So, one of the things that's really interesting to think about here is what I call the bottom gear. So, I've got a personal experience with this that kind of solidified this in my mind, but then also from working with high level athletes. So, I was chosen in 2012 and 2016 to go to the Olympics, help take care of some of our USA athletes, which was an absolute blast.
And the energy there is amazing. And you learn a lot from just being around people like that. But what I learned was not what you would expect. People think that an Olympic athlete is somebody who's just pushing really hard and they are just all day long, every day at 100 miles an hour on their task. And people just think they just do more. And that's how they get there.
But the reality is, you would be surprised. If you follow an Olympic athlete around that they're not doing it all day long. They're highly focused. And I'm not saying they're doing nothing, because they're working hard. But it's really their bottom gear that they've developed. And that's what gives them those long-term results. So, let me give you another example, and then I can expound on it a bit more.
I took to running ultramarathons, so 100-mile races. And I wasn't interested in a marathon. I just decided if it's 100 miles, then I'll get excited about that. And it sounds absolutely brutal. And for me, that's exciting. So, I started doing these ultramarathons. And I learned a ton of lessons and I make all the mistakes. And pretty soon, you start to not just figure out how to train, not just the content of training, but the format, the mindset, everything that goes underneath that content. Where does that content kind of naturally come from?
And I started to get that set properly, and it changed everything. And the bottom gear is one of those kind of principles for me. What that means is in a 100-mile race, how fast you finish that really depends on how fast your bottom gear is, what's slow to you.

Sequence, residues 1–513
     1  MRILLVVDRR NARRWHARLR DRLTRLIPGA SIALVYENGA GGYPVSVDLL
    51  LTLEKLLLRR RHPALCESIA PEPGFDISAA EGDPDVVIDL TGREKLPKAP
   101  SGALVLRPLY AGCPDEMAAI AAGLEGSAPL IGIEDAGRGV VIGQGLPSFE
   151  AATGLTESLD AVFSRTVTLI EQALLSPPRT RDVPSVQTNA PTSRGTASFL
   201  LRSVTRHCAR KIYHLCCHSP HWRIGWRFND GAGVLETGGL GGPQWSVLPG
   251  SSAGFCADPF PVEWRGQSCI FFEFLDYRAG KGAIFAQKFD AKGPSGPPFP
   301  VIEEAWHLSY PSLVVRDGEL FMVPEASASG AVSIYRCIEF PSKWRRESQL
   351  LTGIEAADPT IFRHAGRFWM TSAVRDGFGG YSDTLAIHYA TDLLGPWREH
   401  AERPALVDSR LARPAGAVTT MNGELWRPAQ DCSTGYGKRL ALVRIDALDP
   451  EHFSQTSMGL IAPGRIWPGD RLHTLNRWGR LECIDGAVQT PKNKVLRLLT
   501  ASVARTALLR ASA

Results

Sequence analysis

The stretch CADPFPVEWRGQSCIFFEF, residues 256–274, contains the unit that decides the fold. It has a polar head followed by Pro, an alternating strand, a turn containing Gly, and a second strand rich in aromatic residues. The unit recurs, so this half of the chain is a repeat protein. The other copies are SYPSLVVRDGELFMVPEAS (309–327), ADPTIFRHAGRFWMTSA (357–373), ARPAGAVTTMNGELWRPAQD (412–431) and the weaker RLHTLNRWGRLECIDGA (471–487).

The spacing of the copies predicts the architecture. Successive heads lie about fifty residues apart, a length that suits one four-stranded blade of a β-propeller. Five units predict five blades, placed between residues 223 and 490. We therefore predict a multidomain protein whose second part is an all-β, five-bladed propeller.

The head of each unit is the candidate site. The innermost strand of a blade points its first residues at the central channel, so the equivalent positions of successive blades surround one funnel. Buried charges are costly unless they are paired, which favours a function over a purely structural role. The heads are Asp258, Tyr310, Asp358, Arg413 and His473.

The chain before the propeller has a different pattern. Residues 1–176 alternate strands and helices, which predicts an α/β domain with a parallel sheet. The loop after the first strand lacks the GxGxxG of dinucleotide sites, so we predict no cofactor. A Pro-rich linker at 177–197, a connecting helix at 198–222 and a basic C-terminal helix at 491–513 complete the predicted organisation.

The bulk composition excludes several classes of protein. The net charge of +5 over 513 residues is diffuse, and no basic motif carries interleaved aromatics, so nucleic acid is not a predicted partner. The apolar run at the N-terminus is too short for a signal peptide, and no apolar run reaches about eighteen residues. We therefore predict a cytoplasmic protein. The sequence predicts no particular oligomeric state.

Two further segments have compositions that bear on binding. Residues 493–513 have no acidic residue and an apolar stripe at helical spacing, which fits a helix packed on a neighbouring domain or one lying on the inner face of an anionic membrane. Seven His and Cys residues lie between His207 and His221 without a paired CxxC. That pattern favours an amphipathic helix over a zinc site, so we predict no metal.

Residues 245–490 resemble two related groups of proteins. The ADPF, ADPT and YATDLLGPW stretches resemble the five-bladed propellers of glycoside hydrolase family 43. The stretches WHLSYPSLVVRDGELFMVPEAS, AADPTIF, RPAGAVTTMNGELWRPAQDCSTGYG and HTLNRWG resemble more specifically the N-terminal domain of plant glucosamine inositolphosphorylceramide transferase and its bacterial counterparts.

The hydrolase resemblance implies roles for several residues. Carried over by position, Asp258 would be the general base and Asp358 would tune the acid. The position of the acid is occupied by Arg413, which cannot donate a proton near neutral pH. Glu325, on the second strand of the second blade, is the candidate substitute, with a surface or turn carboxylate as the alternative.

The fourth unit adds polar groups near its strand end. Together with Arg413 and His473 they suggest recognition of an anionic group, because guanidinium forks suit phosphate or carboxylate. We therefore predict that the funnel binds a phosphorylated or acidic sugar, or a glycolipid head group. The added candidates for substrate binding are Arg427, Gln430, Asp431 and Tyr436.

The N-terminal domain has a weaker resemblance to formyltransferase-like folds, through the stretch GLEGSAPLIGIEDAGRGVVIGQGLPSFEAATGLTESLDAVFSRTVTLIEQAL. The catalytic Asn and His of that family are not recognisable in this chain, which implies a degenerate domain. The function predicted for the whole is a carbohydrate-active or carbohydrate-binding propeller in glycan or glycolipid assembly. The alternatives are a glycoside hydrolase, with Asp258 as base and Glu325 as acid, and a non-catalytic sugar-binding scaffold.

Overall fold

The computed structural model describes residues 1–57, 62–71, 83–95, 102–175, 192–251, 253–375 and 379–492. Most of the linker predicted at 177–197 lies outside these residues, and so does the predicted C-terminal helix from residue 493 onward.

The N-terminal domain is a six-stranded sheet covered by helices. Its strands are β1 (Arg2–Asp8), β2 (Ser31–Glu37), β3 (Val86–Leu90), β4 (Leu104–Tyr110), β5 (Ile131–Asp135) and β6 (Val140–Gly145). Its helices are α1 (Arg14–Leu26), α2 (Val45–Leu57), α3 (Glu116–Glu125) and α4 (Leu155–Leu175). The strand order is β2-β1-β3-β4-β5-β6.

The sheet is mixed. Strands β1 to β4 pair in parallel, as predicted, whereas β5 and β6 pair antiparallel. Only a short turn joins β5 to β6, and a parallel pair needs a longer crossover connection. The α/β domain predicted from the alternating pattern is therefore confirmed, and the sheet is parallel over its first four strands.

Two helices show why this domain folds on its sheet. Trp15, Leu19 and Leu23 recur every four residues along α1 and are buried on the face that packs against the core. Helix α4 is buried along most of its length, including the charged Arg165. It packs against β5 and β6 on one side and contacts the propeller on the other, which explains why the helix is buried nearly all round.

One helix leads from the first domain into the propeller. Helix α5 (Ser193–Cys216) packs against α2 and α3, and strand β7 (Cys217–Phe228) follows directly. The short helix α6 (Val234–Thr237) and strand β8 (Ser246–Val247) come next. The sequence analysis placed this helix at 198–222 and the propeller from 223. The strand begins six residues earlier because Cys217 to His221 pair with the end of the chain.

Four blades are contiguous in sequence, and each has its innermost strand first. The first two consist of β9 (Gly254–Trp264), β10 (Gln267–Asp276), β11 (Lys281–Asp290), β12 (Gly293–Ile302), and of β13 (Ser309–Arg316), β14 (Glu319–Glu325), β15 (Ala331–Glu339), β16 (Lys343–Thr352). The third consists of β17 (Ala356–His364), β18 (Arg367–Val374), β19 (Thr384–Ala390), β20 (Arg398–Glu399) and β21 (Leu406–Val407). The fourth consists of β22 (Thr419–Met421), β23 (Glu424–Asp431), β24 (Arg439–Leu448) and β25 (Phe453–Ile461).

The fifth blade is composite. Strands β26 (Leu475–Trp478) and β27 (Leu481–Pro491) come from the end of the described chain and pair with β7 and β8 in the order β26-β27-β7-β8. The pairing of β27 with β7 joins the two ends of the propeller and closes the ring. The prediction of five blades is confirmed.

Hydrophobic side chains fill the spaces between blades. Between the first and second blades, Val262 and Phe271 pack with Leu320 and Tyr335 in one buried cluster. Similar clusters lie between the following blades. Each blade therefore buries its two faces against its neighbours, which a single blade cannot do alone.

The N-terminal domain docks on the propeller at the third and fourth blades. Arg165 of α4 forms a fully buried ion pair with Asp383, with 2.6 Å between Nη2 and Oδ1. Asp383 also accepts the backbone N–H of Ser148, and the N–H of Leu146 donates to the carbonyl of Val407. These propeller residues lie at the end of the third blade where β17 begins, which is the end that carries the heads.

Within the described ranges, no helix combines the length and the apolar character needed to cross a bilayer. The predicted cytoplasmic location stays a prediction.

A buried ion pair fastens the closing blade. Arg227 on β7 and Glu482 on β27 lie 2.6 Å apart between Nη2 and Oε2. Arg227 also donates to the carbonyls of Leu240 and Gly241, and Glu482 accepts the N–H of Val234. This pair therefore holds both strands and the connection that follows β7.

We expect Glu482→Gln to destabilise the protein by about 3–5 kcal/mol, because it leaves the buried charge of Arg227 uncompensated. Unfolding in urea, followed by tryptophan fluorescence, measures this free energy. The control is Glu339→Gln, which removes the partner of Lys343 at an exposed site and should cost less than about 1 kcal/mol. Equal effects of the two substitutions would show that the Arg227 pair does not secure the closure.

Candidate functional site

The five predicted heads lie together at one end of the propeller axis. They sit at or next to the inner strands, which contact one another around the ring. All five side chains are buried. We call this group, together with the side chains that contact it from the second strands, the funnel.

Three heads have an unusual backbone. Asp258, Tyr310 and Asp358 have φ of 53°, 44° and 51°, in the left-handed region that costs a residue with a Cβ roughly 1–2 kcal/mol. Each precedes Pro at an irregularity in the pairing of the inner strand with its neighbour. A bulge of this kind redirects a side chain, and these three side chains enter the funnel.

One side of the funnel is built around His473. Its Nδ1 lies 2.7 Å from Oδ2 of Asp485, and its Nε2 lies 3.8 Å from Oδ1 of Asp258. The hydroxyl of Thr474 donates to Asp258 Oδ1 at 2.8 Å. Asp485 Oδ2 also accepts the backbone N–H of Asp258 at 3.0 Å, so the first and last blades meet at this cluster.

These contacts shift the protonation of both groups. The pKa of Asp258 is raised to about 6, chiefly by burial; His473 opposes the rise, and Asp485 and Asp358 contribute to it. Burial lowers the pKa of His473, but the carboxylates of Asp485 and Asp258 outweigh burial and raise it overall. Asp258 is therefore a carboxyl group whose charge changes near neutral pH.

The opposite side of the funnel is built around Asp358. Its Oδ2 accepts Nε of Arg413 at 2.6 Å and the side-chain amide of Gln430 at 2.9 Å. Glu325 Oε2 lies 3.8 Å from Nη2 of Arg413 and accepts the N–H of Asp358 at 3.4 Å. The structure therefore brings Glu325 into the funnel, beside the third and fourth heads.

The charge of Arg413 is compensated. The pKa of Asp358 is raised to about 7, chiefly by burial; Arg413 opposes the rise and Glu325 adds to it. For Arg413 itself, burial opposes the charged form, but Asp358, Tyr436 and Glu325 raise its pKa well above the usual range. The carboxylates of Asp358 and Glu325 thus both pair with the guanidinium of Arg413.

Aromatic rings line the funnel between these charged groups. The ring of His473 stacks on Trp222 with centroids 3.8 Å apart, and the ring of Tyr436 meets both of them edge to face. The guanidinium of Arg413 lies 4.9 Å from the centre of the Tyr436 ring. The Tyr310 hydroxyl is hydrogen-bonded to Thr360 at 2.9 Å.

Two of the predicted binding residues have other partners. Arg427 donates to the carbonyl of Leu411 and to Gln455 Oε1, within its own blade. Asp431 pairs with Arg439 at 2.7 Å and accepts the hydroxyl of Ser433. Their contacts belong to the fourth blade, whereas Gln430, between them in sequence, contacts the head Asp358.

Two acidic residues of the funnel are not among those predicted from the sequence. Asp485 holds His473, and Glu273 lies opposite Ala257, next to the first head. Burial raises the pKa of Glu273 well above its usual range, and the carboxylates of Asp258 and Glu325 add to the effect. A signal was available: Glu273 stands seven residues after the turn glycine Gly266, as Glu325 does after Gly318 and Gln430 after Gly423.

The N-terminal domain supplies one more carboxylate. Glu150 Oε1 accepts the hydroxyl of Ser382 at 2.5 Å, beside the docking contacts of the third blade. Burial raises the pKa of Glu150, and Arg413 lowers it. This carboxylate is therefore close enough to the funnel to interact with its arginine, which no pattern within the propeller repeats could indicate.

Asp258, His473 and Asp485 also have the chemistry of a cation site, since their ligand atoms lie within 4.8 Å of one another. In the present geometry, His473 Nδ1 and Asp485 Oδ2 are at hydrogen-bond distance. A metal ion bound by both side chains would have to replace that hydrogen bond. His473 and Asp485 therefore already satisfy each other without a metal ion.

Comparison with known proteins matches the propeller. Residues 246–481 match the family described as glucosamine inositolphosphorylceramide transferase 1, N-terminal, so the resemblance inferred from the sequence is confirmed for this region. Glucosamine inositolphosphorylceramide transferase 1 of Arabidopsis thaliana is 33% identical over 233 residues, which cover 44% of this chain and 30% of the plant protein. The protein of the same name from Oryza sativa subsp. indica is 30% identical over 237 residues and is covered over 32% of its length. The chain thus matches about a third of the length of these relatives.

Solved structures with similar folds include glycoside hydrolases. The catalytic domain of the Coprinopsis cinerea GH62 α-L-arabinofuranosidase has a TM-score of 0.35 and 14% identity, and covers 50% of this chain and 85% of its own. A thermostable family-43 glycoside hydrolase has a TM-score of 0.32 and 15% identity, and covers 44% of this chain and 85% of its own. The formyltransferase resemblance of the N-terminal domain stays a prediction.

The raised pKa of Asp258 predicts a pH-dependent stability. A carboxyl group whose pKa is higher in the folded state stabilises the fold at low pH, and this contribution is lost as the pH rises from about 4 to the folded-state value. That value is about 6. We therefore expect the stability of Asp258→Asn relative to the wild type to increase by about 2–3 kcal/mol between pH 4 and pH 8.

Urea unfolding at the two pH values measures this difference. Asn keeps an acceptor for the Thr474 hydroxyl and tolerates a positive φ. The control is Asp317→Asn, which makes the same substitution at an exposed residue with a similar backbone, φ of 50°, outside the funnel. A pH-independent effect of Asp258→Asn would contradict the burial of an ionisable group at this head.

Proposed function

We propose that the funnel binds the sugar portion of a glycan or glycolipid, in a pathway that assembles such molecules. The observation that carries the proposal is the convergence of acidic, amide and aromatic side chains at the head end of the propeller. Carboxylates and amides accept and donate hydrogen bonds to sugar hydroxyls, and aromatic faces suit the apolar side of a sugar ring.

And for some of these athletes, people are running ultramarathons right now in crazy fast times. But for them, that's their bottom gear. It may seem crazy fast to you. But for them, that's their bottom gear because nobody's sprinting for 15 hours straight, 18, 20 hours straight. They've just developed their bottom gear to the point where they're kind of cruise mode. They're easy. What for you might be just going for a walk, for them it is running an eight or seven-minute mile, and they're just going for a walk. And so, then you start to realize, oh, okay, like now, we're walking for 18 hours. That's still a lot, but much more doable.
And same thing for the Olympic athletes. People just don't realize they've got tons of talent, tons of discipline. They're extremely focused. They're driven. But they've developed their bottom gear over years and years, usually a lifetime of work to where for them, they're performing at an extremely high level, not because they just spent a year doing everything under the sun and redlined it real quick, but because their bottom gear is so fast.